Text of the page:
Established along the old trade routes since 4,000 BC, Belgrade has been fought over more than almost any other city in Europe. From the Greeks, Romans, and Celts, the wars continued with many more conquering armies laying claim to the city until it became the capital of Serbia in the 1800's. By the time the Turks left in 1867, Belgrade was reduced to just 25,000 inhabitants. Today, there are over 1.7 million people who live in a city that is renowned for its hedonistic lifestyle where good food, good wine, and good company are cherished, no more so than in the Bohemian district of Skardalija. A walk along the cobbled streets as you pass the bubbling cafe culture is a delight not to be missed.
Location: The third largest city of Southern Europe
At the 'Doors of Middle Europe' as it was once described, Belgrade stretches along the banks of the River Danube, and has aquatic links that stretch to the Adriatic Sea in the west and the Black Sea to the east. The Nikola Tesla International Airport is less than 20 kilometres to the west, and is easily accessible from the city centre by rail, bus, or car.
Business: A fast growing congress destination for business
Belgrade has four large exhibition and convention halls catering the business community. When you add the excellent choice of hotels in the city centre to the mix, you have a city that is geared to the business traveller, and it is easy to see why it has been awarded the title 'The City of the Future.' It has its own Convention Bureau to assist in the smooth running of any corporate and business event, which includes hotel and congress hall booking, help with travel, and discounted activities for your business guests.
Culture: A city made for walking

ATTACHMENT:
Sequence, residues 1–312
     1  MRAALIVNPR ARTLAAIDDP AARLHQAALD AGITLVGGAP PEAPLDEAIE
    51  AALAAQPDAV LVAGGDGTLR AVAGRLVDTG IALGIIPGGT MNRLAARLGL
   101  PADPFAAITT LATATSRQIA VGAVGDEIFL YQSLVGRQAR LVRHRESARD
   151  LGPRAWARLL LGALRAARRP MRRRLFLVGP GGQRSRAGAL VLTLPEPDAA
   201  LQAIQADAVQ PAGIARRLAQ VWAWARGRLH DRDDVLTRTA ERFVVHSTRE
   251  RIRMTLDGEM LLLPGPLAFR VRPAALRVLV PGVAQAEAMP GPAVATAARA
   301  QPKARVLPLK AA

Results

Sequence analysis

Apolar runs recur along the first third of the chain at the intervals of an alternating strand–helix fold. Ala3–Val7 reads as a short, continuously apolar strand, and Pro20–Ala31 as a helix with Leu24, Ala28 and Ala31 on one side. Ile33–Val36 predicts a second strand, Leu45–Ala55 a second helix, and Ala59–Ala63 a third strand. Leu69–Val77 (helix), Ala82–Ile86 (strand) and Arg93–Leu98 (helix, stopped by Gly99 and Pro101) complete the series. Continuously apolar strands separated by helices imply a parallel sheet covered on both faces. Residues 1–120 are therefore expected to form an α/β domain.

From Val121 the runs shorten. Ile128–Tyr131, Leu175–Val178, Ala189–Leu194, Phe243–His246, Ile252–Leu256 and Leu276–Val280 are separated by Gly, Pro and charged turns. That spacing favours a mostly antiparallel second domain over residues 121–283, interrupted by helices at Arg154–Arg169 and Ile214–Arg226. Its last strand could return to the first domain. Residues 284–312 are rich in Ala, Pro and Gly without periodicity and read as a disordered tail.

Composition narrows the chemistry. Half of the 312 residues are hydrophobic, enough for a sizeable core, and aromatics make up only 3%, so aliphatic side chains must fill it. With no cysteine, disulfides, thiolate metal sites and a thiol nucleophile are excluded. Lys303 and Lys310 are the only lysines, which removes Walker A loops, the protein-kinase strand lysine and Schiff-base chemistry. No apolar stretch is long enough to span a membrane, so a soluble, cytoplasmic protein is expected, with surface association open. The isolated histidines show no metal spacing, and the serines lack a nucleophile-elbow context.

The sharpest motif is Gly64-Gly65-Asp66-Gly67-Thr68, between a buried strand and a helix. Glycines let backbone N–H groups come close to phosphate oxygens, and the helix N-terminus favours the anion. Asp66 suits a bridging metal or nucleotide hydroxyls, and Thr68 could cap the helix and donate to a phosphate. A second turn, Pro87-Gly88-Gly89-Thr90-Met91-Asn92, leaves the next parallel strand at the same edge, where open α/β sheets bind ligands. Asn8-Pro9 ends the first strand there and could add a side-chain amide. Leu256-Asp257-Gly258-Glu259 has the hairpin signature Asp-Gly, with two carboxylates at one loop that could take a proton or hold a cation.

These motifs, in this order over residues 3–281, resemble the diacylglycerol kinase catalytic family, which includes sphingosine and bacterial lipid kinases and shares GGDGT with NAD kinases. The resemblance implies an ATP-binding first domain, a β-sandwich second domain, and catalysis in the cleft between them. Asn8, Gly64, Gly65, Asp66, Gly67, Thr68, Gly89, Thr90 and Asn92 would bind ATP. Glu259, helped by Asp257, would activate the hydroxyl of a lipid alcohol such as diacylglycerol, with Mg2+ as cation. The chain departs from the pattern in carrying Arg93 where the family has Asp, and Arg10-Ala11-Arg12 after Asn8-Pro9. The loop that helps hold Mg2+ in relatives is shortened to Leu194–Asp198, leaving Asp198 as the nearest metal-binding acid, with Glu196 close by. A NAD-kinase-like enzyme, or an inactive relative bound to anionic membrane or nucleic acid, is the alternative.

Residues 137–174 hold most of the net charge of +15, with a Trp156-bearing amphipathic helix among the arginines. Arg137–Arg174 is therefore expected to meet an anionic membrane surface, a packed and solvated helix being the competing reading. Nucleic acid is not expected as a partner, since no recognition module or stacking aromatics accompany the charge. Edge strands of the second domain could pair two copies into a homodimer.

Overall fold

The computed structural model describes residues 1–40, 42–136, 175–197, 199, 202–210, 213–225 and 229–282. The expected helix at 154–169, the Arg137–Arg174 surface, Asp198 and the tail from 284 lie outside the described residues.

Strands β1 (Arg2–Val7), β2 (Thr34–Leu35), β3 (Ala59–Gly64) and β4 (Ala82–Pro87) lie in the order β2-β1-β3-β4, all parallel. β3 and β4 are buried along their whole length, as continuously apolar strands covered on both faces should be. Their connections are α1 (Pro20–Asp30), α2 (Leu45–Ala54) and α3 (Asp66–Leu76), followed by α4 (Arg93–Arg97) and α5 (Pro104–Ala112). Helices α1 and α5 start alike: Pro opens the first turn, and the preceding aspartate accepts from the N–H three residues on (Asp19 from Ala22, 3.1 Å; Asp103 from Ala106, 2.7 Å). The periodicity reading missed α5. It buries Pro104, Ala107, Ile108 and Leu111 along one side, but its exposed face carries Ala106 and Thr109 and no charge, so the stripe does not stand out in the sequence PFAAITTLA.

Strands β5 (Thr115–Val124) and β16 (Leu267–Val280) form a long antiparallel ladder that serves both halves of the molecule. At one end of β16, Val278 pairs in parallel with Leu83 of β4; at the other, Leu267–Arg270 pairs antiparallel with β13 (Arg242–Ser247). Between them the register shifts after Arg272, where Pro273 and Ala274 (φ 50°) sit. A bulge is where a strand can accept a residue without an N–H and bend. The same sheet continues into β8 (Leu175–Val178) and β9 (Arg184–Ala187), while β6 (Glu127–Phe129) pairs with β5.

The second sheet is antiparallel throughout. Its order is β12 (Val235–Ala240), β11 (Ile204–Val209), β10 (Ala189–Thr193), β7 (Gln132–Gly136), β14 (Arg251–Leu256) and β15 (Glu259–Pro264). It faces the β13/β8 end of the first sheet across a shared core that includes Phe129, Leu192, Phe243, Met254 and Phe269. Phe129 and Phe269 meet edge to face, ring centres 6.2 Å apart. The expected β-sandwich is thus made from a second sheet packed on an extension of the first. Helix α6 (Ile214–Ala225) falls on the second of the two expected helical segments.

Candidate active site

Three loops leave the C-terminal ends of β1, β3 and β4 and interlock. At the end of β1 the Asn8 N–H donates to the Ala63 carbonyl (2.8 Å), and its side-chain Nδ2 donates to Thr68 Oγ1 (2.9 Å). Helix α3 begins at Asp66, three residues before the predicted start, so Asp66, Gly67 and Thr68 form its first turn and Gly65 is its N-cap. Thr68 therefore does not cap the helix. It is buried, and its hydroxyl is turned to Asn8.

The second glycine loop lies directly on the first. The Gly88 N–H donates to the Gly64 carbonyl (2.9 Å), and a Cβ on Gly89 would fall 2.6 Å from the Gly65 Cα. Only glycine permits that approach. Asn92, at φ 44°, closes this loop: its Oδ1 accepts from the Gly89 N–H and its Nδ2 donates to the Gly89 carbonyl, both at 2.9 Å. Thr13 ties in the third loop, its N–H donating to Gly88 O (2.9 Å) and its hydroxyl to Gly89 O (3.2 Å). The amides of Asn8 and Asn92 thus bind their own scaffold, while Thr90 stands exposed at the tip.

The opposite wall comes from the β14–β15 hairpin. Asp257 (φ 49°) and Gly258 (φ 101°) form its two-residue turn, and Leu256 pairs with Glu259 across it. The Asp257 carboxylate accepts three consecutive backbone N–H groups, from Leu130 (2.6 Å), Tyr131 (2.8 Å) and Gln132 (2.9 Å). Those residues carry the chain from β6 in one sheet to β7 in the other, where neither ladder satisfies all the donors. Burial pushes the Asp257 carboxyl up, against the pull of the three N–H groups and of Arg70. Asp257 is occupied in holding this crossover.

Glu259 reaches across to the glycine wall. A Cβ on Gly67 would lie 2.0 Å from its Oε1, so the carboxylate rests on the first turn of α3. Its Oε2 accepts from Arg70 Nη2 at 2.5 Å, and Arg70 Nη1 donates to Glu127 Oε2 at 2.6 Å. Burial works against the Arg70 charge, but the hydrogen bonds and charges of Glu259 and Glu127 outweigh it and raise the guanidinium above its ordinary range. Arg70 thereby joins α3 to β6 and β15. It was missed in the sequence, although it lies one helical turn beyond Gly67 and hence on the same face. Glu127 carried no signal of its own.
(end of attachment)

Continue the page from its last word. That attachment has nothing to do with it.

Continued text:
With its busy boulevards and quiet gardens, Belgrade is a place of contrasts, where the pace of life is dictated by you. In the area of Savamala, known as the Creative District, you can walk at your own pace through the city and see the history unfold before you. A stop at the Belgrade Fortress, where construction started in the 1st century AD, will show the history behind the city with its marvellous museum of Belgrade now housed within the thick stonewalls. At night, your eyes are drawn to its turrets and towers, which are lit up to provide a wonderful backdrop to the vibrant city that now surrounds it.
Activities: The new nightlife capital of Europe
Join one of the parties on the rafts and boats that float upon the mighty Danube, and experience the laidback atmosphere and friendliness of the locals. With the youngest population of any European city, 40% are aged between 18 and 44, Belgrade has a nightlife that can offer everything from techno to heavy metal with a bit of folk and jazz thrown in for good measure. The city's clubs attract famous DJs from around the world, and if you love to dance, this is the place to do it.